12 Water Conservation Organisations in India Battling Water Crisis
The uneven water resources are fast depleting in the changing world, however, there are organizations that aim to conserve this limited resource across the vast subcontinent of India
The importance of water need not be explained. It is the basis of life on the earth. Every corner of the planet has its own water resources fulfilling the needs of the masses. India, like any other country, is blessed with diverse and distinctive water bodies found across its different parts.
Some of the traditional water resources include ponds, tanks, lakes, and rivers, which are depleting amid the rapidly changing climatic conditions, putting millions of people at risk. Fortunately, there are a few organisations in India that are working toward water conservation in the country of 1.3 billion people.
Currently, 100 million people are on the frontlines of a nationwide water crisis with major cities battling acute water shortages. These NGOs take up many initiatives such as lake and river clean-ups, awareness drives, and policy changes to be implemented properly. Here are the top 12 water conservation organisations in India.
With a determination to clean and restore lakes and other water bodies, the NGO Bhumi brings drying and dying lakes back to life in the city of Bengaluru and helps fight water scarcity in the city. Consisting of 2-3 dozen volunteers, the NGO teams meet every weekend to clean water bodies. Its Revive Lakes project has garnered much appreciation and attention in the vicinity. After clean-ups, the team conducts door-to-door campaigns to aware people of water conservation, while also conducting tree plantations drives in and around the city.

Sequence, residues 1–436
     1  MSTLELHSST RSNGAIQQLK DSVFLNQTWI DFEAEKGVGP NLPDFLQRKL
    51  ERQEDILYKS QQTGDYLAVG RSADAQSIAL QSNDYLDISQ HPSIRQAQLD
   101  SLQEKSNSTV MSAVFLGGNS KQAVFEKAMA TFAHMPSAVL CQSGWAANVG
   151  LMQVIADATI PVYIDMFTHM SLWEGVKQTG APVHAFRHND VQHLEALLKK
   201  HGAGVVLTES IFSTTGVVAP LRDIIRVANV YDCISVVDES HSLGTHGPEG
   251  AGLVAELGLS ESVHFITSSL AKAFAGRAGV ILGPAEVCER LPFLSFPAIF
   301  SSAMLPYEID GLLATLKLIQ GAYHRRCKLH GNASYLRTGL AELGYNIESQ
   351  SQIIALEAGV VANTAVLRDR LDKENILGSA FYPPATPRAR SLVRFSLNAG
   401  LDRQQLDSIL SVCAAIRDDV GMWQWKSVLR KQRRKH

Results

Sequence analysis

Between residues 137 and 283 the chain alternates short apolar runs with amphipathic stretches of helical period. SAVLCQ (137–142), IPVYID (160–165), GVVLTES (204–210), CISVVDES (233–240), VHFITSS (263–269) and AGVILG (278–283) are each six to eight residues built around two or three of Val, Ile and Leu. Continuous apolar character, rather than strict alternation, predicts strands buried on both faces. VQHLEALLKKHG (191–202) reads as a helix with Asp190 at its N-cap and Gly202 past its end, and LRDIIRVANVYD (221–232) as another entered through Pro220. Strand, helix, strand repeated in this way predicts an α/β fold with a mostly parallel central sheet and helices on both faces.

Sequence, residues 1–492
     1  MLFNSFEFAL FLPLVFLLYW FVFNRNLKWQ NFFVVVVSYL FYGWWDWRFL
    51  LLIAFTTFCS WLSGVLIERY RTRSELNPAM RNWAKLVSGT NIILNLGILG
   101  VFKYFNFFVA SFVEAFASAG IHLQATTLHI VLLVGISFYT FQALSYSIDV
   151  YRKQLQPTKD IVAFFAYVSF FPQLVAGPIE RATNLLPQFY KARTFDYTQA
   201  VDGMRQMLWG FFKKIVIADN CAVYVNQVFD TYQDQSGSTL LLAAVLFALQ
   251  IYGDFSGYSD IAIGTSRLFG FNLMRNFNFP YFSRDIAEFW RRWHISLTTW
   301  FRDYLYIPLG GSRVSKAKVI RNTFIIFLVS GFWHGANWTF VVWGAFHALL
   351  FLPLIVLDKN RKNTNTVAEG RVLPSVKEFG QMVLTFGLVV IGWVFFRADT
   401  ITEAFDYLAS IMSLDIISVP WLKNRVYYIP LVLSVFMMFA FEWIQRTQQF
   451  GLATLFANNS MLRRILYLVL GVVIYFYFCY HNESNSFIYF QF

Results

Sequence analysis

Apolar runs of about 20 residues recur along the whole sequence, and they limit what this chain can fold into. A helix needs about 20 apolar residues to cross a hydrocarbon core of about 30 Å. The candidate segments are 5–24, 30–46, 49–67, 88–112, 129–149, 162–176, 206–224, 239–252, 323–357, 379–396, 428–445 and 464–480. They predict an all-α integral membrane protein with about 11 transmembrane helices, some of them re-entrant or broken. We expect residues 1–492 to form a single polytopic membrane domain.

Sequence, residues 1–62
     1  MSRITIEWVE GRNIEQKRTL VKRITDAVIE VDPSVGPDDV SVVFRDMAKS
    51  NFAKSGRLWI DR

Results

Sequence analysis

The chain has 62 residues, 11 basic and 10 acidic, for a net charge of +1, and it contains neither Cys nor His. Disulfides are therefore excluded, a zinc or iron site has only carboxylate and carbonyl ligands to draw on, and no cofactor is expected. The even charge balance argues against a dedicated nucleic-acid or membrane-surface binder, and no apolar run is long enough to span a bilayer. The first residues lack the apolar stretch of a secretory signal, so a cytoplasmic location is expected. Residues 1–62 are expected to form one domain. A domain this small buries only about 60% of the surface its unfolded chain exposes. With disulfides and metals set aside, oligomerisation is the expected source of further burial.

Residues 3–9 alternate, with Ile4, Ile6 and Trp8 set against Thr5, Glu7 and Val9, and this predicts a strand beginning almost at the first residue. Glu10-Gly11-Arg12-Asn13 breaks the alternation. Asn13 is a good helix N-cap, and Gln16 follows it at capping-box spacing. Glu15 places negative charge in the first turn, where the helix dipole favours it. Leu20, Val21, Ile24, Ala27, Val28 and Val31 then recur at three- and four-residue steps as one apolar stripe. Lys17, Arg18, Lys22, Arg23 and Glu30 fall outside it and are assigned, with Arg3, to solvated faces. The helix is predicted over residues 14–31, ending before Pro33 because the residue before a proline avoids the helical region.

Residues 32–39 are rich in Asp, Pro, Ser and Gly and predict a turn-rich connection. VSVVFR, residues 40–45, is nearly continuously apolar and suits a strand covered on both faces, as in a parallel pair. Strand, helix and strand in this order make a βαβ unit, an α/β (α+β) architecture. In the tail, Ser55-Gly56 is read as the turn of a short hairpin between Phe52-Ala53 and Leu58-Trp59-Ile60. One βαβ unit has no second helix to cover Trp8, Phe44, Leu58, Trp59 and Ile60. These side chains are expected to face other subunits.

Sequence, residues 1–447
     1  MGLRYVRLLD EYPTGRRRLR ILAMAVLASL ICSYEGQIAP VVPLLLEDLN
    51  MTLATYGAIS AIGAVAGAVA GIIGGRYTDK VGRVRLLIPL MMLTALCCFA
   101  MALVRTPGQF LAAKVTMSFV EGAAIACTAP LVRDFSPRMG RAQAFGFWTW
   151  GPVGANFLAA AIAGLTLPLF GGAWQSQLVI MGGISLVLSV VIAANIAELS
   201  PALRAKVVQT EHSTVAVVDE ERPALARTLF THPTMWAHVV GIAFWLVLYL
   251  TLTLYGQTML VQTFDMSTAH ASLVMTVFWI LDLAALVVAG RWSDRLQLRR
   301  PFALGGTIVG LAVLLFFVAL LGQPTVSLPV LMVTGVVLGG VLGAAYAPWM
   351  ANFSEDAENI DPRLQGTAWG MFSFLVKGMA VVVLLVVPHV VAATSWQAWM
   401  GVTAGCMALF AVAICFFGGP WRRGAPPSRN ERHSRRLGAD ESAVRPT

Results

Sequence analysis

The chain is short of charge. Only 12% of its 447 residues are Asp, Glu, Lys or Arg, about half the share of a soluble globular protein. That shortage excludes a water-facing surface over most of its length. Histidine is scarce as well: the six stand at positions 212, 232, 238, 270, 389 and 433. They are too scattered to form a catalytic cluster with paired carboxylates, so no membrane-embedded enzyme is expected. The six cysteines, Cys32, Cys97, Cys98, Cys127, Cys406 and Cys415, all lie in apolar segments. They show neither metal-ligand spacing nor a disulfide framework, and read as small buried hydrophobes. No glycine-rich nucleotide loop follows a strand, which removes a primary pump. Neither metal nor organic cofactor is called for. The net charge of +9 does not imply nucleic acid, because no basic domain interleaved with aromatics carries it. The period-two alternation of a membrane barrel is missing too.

Advocating every individual’s right to safe and sanitized drinking water, Swades is an NGO that is dedicated to water conservation in Maharashtra. It aims to ensure that every family in the state receives 200 litres of water per day through taps and pipes, along with basic facilities such as sanitation, healthcare, and livelihood. The NGO has taken up small tributaries and constructed check dams to conserve water for agricultural and domestic use.
Watershed Organisation Trust (WOTR)
This Pune-based NGO has been working in nine states across the country, impacting over 3,750 villages. WOTR has many initiatives in place to conserve water bodies in India. Spreading awareness toward water harvesting and conservation, the organisation also facilitates the construction of check dams and other water-collecting structures to support better potable water and sanitation facilities for so many rural regions in the country.
Gramin Vikas Vigyan Samiti
Gramin Vikas Vigyan Samiti is a non-profit organisation that is committed to supporting water needs for millions of people across 1,500 villages in Rajasthan, Uttarakhand, and Uttar Pradesh. Given the water scarcity and inadequate sanitation facilities in drought-affected areas in these regions, the NGO promotes water security through rainwater harvesting with traditional structures and the desilting of rivers. So far, it has built nearly 6,635 water tanks, 588 pitcher-shaped wells, and de-silted 263 rivers.
Navjyoti India Foundation
Dr. Kiran Bedi founded Navjyoti India Foundation to protect the environment and conserve water. The NGO encourages a sustainable lifestyle, working in close collaboration with students, women-led community groups, youth volunteers, and Gram Panchayats. It also creates clean and green landscapes to ensure sustainable natural water resources, along with rainwater harvesting and replenishing groundwater, and restoration of lakes, ponds, and other water bodies.